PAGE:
'Bato' to keep drug war if elected president; denies he'll be Duterte puppet

Jamaine Punzalan, ABS-CBN News

Posted at Oct 11 2021 04:22 PM

Sen. Ronald ‘Bato’ Dela Rosa files his certificate of candidacy for president at the Harbor Garden tent of the Sofitel Hotel in Pasay City on Oct. 8, 2021. Jonathan Cellona, ABS-CBN News
Sen. Ronald ‘Bato’ Dela Rosa files his certificate of candidacy for president at the Harbor Garden tent of the Sofitel Hotel in Pasay City on Oct. 8, 2021. Jonathan Cellona, ABS-CBN News

MANILA — Sen. Ronald "Bato" Dela Rosa said on Monday he would sustain President Rodrigo Duterte's controversial war on drugs if elected to the country's top post in the 2022 elections. 

Dela Rosa said his support for President's policies is "the main consideration" of the Duterte-backed PDP-Laban faction for picking him as its standard-bearer.

"It is inscribed in my heart, lahat ng programa ng Pangulong Duterte (all programs of President)," Dela Rosa said in a virtual press conference. 

"I'm willing to live and die with that program," he said of Duterte's anti-narcotics campaign that has been criticized for supposedly disregarding human rights.

"Of course, tuloy 'yan," added Dela Rosa, a former national police chief who led the deadly campaign before winning a Senate seat in 2019. 

The International Criminal Court is looking into alleged crimes against humanity in the program that left thousands dead. 

Oplan Tokhang, in which police knock on the doors of drug suspects and ask them to surrender, had "very noble" intentions, said Dela Rosa. 

"Karamihan sa mga tao dito ay ini-equate n'yo ang Tokhang to EJK (extrajudicial killing)... Mali po 'yong iniisp n'yo. Tokhang is different from EJK," he said.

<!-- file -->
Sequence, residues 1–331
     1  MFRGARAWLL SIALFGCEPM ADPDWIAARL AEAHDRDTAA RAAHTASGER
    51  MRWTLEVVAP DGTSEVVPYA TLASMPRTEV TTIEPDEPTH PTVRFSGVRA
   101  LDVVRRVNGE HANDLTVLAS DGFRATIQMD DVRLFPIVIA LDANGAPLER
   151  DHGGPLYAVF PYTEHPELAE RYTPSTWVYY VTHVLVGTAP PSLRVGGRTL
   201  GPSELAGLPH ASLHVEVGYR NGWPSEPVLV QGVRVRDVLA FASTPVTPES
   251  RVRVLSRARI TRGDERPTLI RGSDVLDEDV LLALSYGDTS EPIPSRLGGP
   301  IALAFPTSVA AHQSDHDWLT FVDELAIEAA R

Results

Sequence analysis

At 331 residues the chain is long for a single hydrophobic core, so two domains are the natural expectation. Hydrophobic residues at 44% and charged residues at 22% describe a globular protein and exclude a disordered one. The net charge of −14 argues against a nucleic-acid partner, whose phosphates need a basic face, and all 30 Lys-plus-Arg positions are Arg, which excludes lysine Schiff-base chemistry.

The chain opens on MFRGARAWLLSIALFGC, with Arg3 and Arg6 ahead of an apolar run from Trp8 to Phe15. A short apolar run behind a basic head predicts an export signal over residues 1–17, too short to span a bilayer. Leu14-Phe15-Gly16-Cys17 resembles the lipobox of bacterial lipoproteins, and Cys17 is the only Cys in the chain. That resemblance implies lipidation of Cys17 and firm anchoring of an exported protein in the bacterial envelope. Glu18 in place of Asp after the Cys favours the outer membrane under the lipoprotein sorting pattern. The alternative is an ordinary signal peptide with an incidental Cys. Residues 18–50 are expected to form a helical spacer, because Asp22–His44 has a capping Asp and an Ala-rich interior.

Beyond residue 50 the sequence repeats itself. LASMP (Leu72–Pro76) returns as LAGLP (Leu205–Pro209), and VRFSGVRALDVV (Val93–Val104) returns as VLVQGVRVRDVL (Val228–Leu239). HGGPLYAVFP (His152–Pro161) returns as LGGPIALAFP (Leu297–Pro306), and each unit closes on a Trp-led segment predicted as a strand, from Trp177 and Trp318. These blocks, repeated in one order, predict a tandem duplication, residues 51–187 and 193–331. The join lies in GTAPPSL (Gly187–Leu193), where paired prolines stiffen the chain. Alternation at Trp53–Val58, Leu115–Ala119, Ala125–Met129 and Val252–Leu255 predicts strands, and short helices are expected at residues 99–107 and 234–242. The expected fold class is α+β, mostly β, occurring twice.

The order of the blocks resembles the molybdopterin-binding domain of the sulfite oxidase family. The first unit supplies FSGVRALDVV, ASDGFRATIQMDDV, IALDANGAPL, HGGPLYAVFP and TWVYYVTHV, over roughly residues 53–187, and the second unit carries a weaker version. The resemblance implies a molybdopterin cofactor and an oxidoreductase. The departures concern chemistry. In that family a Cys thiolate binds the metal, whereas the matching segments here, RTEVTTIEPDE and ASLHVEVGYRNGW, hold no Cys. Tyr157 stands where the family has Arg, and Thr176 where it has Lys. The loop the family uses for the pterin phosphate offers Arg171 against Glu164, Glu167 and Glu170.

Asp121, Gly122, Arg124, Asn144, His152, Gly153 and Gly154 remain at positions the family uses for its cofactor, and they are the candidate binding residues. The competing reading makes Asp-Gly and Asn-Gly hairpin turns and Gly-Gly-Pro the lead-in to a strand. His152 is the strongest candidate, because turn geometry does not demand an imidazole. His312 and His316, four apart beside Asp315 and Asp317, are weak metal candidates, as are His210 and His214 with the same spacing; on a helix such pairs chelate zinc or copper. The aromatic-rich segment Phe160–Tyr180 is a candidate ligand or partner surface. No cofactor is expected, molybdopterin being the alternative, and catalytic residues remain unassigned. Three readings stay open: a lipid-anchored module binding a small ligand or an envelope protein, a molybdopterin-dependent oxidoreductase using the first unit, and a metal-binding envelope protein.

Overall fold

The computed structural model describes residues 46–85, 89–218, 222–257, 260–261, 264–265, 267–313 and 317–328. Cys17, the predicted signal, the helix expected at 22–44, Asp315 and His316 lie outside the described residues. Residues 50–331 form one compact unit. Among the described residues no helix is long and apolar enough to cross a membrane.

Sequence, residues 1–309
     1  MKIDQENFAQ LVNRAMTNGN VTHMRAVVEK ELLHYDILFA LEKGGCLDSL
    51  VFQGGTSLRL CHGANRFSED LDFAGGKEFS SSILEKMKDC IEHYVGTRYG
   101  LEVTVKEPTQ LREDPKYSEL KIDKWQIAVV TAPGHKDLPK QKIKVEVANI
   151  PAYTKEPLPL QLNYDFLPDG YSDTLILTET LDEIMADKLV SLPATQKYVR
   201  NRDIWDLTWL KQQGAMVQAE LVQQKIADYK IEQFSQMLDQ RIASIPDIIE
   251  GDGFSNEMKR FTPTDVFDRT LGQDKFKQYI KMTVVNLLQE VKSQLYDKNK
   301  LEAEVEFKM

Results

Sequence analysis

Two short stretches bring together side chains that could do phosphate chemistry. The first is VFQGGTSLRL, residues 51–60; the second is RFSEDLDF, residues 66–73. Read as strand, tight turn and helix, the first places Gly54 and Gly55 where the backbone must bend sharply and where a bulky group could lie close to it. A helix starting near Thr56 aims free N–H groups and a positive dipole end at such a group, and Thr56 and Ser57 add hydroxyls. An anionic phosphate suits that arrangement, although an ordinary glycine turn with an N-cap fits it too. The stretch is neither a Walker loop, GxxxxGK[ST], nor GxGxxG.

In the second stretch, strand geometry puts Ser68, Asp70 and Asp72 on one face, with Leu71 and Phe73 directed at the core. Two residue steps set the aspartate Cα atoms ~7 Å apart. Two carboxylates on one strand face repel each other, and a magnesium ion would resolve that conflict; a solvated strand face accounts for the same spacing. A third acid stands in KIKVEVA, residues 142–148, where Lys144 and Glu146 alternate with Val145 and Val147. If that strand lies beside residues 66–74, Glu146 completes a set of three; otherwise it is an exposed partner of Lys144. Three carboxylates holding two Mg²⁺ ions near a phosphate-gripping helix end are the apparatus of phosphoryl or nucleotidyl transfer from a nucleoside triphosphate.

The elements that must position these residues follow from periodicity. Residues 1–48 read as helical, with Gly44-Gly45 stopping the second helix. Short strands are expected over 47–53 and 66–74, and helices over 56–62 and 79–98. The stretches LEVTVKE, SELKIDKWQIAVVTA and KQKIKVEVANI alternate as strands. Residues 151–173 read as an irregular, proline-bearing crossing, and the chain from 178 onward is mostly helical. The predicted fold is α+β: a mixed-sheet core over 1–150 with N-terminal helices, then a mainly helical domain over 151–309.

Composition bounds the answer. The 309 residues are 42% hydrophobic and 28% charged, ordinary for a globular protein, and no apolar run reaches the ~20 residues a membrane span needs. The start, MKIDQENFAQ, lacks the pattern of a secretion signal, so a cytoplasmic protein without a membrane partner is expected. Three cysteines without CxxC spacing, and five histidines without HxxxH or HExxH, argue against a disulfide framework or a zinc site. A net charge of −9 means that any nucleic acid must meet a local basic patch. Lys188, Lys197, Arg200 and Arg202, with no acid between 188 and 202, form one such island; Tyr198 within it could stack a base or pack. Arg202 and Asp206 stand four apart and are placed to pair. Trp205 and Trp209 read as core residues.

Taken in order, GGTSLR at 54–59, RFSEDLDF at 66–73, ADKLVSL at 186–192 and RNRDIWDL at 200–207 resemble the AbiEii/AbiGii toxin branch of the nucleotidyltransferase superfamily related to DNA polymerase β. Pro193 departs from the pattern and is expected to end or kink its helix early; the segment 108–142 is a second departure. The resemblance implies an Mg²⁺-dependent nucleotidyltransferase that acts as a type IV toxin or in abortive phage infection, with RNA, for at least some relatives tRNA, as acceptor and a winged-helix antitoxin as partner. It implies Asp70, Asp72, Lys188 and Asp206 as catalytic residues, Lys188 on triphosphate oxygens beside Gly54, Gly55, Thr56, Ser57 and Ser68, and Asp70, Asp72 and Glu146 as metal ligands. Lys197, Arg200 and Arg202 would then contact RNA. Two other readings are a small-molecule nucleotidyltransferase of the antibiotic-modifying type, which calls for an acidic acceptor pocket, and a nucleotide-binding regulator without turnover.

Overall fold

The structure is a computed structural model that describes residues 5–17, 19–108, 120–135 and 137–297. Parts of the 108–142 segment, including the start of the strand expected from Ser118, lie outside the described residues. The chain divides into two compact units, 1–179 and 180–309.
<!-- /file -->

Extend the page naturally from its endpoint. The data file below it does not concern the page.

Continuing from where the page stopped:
(Most people here equate Tokhang to EJK. What you are thinking is wrong.) 
 
But if elected as president, Dela Rosa said the drug war will adjust "to the changing times." He said one thing he would change is requiring body-worn cameras in all operations "to avoid abuses and to provide protection to our operating personnels from harassment." 

Political analysts had expected Duterte to anoint a successor who could insulate him from potential legal action at home or by the ICC, once he is out of power. 
 
Dela Rosa said he and Duterte consider their "friendship as solid." 

"That’s unfair for me kung sabihin mong magiging puppet government ako. Unfair naman ‘yan... Irespeto din naman ako ni Presidente kung manalo ako, hindi rin siya makikialam. I am sure of that," said the senator. 

(That’s unfair for me if you say I'll be a puppet government. That's unfair. The President will respect me if I wn, he will not interfere.)

Asked about the possibility of legal cases against Duterte, Dela Rosa said, "Alangan pabayaan ko lang rin siya. Ano ako, walang utang na loob? Siya ang gumawa sa akin." 

(I cannot abandon him. What am I, someone who does not honor debt of gratitude? He made me.) 

"Pagdating ko, nasa taas na ako, kakalimutan ko lang siya sa kaniyang mga problema? Hindi naman ganiyan ang Pilipino. Ang Pilipino’y marunong tumanaw ng utang na loob," he added. 

(If I reach the top and forget his problems, that is not how Filipinos are. Filipino know how to honor debt of gratitude.) 

Duterte and dela Rosa's relationship started in Davao City when the former was still mayor there and the latter was chief of the local police.

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